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dc.contributor.advisorHarries, Jill
dc.contributor.advisorLong, Alex
dc.contributor.authorWibier, Matthijs H.
dc.coverage.spatialxi, 214 p.en_US
dc.description.abstractThis thesis proposes a new model of situating Roman jurisprudence in the intellectual world of the Early Empire. Moving away from the traditional question as to the relationship between law and philosophy, I take a wider view by approaching the jurists as (in their own words) engaging in legal interpretation, and I compare and contrast them with other ancient scholars involved in interpretation: philosophers, medical readers of Hippocrates, grammarians, etc. Chapter 1 studies ancient intellectuals’ claiming and constructing expert authority for their learning. Jurists are well-versed in the topoi developed in Hellenistic scholarship/science; they are thus fully embedded in (rather than: isolated from) the wider intellectual landscape. Situating Pomponius’ history of jurisprudence in its literary as well as socio-political contexts, I argue in chapter 2 that the text constructs a history of jurisprudence that suggests that jurists were crucial to the rise of Rome. Chapter 3 studies Gaius’ interpretative practices through his engagement with older legal texts within the exegetical culture of the second century. Gaius shares with philosophers and medical doctors an interest in mining wisdom from old texts, but he also emphasises the progress made within the legal tradition ever since. Chapter 4 focuses on collecting legal knowledge. I argue that the spread of a common structure of law books signals that law was a well-integrated “discipline”. Chapter 5 studies juristic engagement with expert knowledge from outside the legal tradition. I argue that jurists’ explicit engagement with philosophical concepts does not entail commitments to larger pieces of philosophical doctrine. Chapter 6 analyses the development of legal doctrine about causation and liability in the context of the lex Aquilia. I argue that juristic debates and interpretations are largely shaped and constrained by the legal (Aquilian) tradition, although jurists are to some extent open to intellectual debates and social values.en_US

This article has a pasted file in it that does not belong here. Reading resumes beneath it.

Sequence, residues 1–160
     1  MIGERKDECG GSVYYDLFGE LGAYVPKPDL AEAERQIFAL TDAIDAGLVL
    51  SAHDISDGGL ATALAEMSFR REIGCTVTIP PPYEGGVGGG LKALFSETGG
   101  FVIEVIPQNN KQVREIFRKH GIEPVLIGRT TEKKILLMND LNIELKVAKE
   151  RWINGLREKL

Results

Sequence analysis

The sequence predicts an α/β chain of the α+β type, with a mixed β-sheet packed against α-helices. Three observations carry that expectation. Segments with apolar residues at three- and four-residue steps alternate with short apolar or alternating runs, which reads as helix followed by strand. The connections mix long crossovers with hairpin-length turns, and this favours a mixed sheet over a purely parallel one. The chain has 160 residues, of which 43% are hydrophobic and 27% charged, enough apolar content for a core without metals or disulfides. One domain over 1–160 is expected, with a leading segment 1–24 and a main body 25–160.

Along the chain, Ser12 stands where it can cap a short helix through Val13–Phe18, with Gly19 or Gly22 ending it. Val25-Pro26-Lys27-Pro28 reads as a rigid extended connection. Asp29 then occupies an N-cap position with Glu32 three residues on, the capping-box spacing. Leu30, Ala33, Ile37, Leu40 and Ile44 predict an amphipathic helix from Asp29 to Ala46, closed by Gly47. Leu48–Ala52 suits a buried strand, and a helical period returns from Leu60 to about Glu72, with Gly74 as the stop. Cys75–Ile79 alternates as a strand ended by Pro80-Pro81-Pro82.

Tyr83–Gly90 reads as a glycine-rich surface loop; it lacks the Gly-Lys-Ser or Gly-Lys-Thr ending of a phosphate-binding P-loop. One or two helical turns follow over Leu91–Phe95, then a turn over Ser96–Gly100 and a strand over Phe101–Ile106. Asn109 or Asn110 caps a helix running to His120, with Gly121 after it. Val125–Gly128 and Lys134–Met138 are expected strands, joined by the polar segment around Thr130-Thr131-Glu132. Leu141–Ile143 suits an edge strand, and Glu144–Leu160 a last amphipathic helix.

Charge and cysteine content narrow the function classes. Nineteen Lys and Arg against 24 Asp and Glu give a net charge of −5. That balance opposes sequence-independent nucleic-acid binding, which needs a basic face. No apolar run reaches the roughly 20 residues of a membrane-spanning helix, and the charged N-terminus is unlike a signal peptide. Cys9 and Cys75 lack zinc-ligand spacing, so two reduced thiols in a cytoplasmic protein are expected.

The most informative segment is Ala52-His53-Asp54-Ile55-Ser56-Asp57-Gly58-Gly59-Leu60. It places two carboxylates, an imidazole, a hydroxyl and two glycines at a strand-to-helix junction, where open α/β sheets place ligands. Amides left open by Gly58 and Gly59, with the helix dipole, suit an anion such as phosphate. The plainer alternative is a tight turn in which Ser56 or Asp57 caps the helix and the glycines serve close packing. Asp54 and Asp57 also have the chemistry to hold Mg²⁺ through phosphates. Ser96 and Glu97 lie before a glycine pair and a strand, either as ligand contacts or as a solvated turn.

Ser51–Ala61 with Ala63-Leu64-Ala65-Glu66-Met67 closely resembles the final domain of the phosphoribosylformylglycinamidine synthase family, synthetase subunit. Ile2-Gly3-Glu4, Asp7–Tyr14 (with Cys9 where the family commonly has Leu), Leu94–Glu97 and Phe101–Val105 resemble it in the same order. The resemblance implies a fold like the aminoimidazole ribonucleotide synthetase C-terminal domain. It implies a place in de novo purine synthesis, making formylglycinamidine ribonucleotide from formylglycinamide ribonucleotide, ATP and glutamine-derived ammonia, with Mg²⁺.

dc.subjectAncient scholarshipen_US
dc.subjectRoman lawen_US
dc.subject.lcshRoman lawen_US
dc.subject.lcshLaw--Study and teaching--Italy--Rome--Historyen_US
dc.titleInterpretandi scientia : an intellectual history of Roman jurisprudence in the early Empireen_US
dc.type.qualificationnamePhD Doctor of Philosophyen_US
dc.publisher.institutionThe University of St Andrewsen_US
dc.rights.embargodateElectronic copy restricted until 27th May 2019en_US
dc.rights.embargoreasonThesis restricted in accordance with University regulationsen_US

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